For this particular use of smoke in a cocktail, I didn’t want the drink to continue to be steeped in smoke. What I wanted here was for the initial smell to be a deep, meaty smoke aroma, and then when tasted, you were only getting the cocktail. This beautiful smoky aroma would make the drink a surprise for the person drinking it, hopefully a pleasant shock. The aroma would then dissipate as one continued to finish the drink. I chose a Boulevardier to accompany the smoke aroma.
First, the tincture:
1/2 cup grain alcohol (I have 151 proof everclear)
1/4 cup Lapsang Souchong Loose Tea
Combine the two ingredients in an airtight glass container. Let sit for two weeks in a cool, dark place. Gently shaking every few days. After two weeks, strain with a fine mesh strainer with a double layer of cheesecloth. You want to make sure you are getting all the tiny bits of tea out. If you still see residue, strain an additional time. Store in a dropper bottle.
Lapsang Souchong tea has a heavy smoke aroma. When you open the box it’s like getting hit with a face full of wood smoke. As a tincture, the essence gets meatier (as in smoked meat).
Ok, so, here is the part when you can decide whether getting an atomizer is worth it or not. I tried experimenting with the tincture in 3 ways. First, I rinsed the glass and added the cocktail. Second, I swapped a tincture soaked cotton ball around in inside of the glass after pouring the drink in. Third, I sprayed the tincture with an atomizer over the finished drink. Of the three I found the atomizer to have a stronger aroma over the final drink. Rinsing added too much of the smoke to the drink and was not the effect I wanted. The cotton ball didn’t create a strong enough smell for me. When I used the atomizer, I found I had more control over how much aroma went onto the finished cocktail and I appreciated being able to add more in small increments to achieve the final essence. So, if you are not one for unitaskers, then maybe an atomizer is not something you need taking up space in your bar drawer. I found a tiny atomizer that is under 3″, meant for perfume, but works great.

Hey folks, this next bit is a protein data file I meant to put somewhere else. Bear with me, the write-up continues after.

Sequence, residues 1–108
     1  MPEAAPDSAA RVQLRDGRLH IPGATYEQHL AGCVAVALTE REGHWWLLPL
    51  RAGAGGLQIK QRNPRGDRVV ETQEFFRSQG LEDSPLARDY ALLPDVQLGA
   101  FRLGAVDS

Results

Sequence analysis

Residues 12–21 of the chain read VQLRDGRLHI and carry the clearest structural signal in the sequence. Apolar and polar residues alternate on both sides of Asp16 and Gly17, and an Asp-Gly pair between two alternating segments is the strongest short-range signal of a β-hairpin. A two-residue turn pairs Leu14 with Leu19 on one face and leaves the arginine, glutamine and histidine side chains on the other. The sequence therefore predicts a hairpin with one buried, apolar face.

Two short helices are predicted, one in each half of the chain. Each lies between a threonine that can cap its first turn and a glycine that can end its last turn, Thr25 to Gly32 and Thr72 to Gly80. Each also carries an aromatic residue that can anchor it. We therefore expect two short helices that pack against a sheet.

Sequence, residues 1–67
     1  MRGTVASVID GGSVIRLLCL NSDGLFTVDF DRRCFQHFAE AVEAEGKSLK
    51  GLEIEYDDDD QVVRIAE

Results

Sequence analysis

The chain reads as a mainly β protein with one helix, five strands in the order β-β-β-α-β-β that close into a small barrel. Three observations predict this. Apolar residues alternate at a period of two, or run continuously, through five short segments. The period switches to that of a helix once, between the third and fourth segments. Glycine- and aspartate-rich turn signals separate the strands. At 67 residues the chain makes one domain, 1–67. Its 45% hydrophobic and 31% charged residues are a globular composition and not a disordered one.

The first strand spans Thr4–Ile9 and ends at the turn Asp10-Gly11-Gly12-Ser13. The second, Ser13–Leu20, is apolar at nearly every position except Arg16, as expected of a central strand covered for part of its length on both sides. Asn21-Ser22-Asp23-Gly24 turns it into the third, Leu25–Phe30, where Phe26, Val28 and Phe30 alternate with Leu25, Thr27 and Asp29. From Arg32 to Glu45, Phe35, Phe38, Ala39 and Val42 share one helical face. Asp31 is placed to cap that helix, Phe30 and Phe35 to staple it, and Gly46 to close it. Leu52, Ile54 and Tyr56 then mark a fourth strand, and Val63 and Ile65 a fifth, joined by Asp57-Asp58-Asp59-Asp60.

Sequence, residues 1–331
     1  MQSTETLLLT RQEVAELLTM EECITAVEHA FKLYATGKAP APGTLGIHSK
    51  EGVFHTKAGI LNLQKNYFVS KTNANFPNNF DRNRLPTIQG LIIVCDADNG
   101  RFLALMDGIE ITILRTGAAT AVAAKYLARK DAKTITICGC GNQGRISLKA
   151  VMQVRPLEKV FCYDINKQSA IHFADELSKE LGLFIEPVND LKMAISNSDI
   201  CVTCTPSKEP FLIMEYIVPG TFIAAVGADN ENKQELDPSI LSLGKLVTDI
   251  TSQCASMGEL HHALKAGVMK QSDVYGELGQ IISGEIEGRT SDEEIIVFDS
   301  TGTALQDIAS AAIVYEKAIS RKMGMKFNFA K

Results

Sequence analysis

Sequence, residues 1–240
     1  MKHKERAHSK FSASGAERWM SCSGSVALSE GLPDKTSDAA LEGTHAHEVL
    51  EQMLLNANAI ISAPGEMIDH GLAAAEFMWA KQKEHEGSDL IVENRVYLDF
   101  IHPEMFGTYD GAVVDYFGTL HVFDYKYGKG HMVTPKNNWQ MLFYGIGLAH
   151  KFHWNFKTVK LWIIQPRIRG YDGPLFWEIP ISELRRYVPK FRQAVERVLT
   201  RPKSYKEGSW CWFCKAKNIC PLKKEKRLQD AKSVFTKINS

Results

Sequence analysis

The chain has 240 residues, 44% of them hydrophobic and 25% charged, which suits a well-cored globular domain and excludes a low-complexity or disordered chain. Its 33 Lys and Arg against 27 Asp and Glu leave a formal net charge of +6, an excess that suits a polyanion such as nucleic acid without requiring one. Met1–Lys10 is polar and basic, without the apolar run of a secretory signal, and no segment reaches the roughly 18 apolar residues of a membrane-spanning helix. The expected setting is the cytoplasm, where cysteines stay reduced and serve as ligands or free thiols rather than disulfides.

Next, the Boulevardier Cocktail with Smoke Aroma:
2 oz Bourbon (Black Ridge Small Batch was used for this cocktail)
1 oz Campari
1 oz Carpano Antica Sweet Vermouth
Orange peel garnish
In a mixing glass 2/3 with ice, stir the first three ingredients about 30 seconds. Strain into a chilled rocks glass or goblet (you want some space for your nose to dip into; sounds gross but trust me). Garnish with an orange peel and over the top of the drink, spray about 3-4 sprays of the tincture.
As you move into the glass, there is the meaty smoke aroma followed by the sudden bittersweet richness of the Boulevardier. That first sip has the most smoke on it, while progressive sips become less and less potent, which lets you experience varying degrees of the aroma. If this is all a bit too much for you, have you had a Boulevardier cocktail yet? Go make one, it’s a great Fall cocktail.